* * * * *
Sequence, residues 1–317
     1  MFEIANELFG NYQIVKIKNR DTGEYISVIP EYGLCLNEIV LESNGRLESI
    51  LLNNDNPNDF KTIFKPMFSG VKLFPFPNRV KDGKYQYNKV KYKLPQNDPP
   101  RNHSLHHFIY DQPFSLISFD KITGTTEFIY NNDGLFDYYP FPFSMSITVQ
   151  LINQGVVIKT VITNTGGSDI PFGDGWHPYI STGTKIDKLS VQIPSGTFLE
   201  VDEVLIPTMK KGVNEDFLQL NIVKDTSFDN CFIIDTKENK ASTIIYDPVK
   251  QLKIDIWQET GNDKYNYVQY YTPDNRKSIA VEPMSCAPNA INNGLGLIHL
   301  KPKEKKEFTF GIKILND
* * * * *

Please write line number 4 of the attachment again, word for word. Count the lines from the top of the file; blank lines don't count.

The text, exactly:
   101  RNHSLHHFIY DQPFSLISFD KITGTTEFIY NNDGLFDYYP FPFSMSITVQ